It’s a facetious question. Her husband, Michael Douglas, was recently diagnosed with throat cancer he described at “stage 4.” She was quoted by People magazine as saying, “It makes me furious they didn’t detect it earlier.” They have young children, and anyone who hasn’t personally been faced with this threat can only imagine her fear and anxiety. I suspect no number of large houses, expensive cars, or entourage members reduce her emotional pain. Mr. Douglas reacted more humbly, “Without having to blame anybody . . . these things sometimes just don’t show up.”
I don’t know any details beyond those reported in the mainstream press. However, her quoted reaction to her husband’s illness speaks volumes about some of the underlying forces that contribute to America’s inefficient bloated healthcare system.
Her primary frustration was that he had seen several doctors for throat pain over a six-month period before he was diagnosed with throat cancer. Her implied assertion was that the doctors screwed up by not catching the disease early, which worsened his prognosis.
The problem with this assumption is there is no evidence that any cancer of the throat is more likely cured if caught early. It’s a fallacy perpetuated by many special interest groups in American healthcare. There are dozens of different kinds of cancer. The prognosis of only three are widely accepted to be improved by early detection (breast, colon, and cervical). Other cancers have evidence that early detection doesn’t make any difference, but the media rarely reports on those.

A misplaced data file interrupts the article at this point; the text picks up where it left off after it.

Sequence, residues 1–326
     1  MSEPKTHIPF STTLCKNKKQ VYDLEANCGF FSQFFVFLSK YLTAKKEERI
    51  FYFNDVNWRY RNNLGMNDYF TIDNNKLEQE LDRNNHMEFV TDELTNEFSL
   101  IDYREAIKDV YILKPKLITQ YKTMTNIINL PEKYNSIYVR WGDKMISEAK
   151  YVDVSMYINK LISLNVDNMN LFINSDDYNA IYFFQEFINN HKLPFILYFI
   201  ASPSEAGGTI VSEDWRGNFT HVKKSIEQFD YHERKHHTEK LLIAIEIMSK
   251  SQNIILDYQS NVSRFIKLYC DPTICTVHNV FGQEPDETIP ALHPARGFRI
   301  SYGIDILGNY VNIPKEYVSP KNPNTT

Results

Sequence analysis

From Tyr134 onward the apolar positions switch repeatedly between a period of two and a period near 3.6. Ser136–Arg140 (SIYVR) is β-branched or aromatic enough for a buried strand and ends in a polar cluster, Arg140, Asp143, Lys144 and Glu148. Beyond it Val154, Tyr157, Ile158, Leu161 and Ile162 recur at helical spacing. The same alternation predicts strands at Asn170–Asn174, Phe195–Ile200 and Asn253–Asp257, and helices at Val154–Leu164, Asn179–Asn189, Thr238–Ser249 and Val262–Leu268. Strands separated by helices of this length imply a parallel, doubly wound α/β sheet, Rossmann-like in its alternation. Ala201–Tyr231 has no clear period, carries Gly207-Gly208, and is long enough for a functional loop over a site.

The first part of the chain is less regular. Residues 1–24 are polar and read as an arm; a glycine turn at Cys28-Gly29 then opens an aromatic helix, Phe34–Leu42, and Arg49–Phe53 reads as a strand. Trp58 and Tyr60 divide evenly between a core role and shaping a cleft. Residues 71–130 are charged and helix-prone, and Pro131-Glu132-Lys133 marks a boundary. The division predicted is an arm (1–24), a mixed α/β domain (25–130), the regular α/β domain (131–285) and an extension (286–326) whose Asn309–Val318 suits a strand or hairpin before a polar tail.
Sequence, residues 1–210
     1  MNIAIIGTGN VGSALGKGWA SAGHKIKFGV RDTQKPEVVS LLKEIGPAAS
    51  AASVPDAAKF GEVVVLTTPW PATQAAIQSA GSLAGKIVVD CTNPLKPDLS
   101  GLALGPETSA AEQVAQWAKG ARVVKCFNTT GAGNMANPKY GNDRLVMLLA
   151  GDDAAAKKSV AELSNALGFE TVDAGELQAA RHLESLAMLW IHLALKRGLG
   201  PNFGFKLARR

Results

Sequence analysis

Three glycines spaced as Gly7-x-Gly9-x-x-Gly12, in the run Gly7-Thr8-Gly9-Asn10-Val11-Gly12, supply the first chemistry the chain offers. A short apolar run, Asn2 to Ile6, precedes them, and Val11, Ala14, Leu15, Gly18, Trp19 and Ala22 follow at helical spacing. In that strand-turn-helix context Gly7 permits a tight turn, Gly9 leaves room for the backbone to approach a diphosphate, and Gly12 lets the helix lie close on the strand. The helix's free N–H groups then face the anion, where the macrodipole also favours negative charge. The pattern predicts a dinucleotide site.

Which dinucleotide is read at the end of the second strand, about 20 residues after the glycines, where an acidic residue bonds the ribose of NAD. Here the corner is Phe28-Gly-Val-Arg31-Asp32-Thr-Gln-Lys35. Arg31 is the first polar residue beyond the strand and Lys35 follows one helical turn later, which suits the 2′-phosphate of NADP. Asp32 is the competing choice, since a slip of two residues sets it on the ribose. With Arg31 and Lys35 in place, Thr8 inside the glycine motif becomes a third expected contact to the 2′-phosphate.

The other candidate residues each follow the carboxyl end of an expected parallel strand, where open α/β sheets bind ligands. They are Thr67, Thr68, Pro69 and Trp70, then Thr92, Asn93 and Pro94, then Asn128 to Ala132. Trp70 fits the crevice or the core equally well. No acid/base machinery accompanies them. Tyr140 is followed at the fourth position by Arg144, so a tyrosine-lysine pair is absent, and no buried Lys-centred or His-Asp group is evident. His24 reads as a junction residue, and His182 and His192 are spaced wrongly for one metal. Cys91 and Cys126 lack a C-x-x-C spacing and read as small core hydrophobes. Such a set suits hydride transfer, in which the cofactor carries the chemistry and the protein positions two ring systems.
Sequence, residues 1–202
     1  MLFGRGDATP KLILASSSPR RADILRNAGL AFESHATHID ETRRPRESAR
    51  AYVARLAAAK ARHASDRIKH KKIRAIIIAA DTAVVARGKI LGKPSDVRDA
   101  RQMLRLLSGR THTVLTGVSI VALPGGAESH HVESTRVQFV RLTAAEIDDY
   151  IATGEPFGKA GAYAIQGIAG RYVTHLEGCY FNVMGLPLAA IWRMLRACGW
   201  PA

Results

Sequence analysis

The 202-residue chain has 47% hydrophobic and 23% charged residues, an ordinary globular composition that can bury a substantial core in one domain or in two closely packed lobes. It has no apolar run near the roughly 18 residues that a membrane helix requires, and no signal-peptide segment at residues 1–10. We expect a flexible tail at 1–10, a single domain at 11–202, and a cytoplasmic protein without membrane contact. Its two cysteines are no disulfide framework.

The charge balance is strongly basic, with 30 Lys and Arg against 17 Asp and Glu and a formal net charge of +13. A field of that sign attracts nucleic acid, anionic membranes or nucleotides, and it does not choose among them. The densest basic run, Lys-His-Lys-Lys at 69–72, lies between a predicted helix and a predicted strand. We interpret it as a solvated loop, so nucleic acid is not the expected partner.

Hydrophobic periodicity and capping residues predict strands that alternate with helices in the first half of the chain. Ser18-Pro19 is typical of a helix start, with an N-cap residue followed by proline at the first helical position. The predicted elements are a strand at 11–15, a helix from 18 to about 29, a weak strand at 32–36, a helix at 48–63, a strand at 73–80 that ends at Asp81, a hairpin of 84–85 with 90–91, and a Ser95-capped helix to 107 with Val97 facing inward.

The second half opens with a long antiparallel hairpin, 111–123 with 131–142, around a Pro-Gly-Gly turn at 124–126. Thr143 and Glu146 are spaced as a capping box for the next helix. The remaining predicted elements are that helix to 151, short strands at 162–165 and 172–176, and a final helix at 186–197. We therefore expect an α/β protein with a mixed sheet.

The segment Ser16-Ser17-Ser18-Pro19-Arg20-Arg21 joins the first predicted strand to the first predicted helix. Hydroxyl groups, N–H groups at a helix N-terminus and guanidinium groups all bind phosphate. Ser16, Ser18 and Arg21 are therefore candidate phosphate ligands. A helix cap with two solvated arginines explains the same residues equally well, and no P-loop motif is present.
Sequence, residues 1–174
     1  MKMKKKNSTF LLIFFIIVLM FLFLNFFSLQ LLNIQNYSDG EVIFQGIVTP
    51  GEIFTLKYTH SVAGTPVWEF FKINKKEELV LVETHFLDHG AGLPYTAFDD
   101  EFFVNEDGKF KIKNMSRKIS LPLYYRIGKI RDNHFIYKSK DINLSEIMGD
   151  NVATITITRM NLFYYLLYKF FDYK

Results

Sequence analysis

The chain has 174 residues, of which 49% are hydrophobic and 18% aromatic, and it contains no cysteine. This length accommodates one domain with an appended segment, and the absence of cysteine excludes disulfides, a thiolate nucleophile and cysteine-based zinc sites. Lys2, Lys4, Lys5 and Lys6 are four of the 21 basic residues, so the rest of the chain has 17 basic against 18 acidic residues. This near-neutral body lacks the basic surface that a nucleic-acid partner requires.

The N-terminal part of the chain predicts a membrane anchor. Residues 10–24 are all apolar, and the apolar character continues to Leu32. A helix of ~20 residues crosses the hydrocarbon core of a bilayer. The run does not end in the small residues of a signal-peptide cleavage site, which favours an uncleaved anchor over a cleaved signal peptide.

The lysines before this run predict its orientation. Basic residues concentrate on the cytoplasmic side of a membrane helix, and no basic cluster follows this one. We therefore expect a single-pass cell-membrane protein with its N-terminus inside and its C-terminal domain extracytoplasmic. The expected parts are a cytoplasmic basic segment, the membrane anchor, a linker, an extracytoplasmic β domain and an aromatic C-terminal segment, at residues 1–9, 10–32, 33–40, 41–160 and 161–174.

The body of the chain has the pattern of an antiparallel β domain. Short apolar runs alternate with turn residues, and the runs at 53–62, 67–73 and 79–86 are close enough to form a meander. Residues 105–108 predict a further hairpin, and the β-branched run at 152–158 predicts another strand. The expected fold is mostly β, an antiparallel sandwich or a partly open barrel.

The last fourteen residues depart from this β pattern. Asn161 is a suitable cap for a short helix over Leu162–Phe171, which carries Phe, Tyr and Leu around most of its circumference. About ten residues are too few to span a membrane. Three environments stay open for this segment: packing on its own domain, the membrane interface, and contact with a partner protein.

Her quoted statements also lack any recognition of his role in the cancer. He has a smoking history, which probably was a contributor (though I can’t be sure because the cancer type wasn’t disclosed). Grief makes considering the whole story difficult. Maybe that will come in time.
We can all understand why she lashed out at the doctors. Anger and denial are expected reactions to bad news. However, I hope she doesn’t go on a series of talk shows imploring the viewers to rush out to a doctor to have a scope shoved down their throat to look for a cancer. It would be just another technophilic waste of American healthcare dollars.
One of the hallmarks of the British healthcare system is the humility of patients and doctors about the limits of aggressive medical care. Ms. Zeta-Jones, who is originally from Wales, has become Americanized in more ways than geography.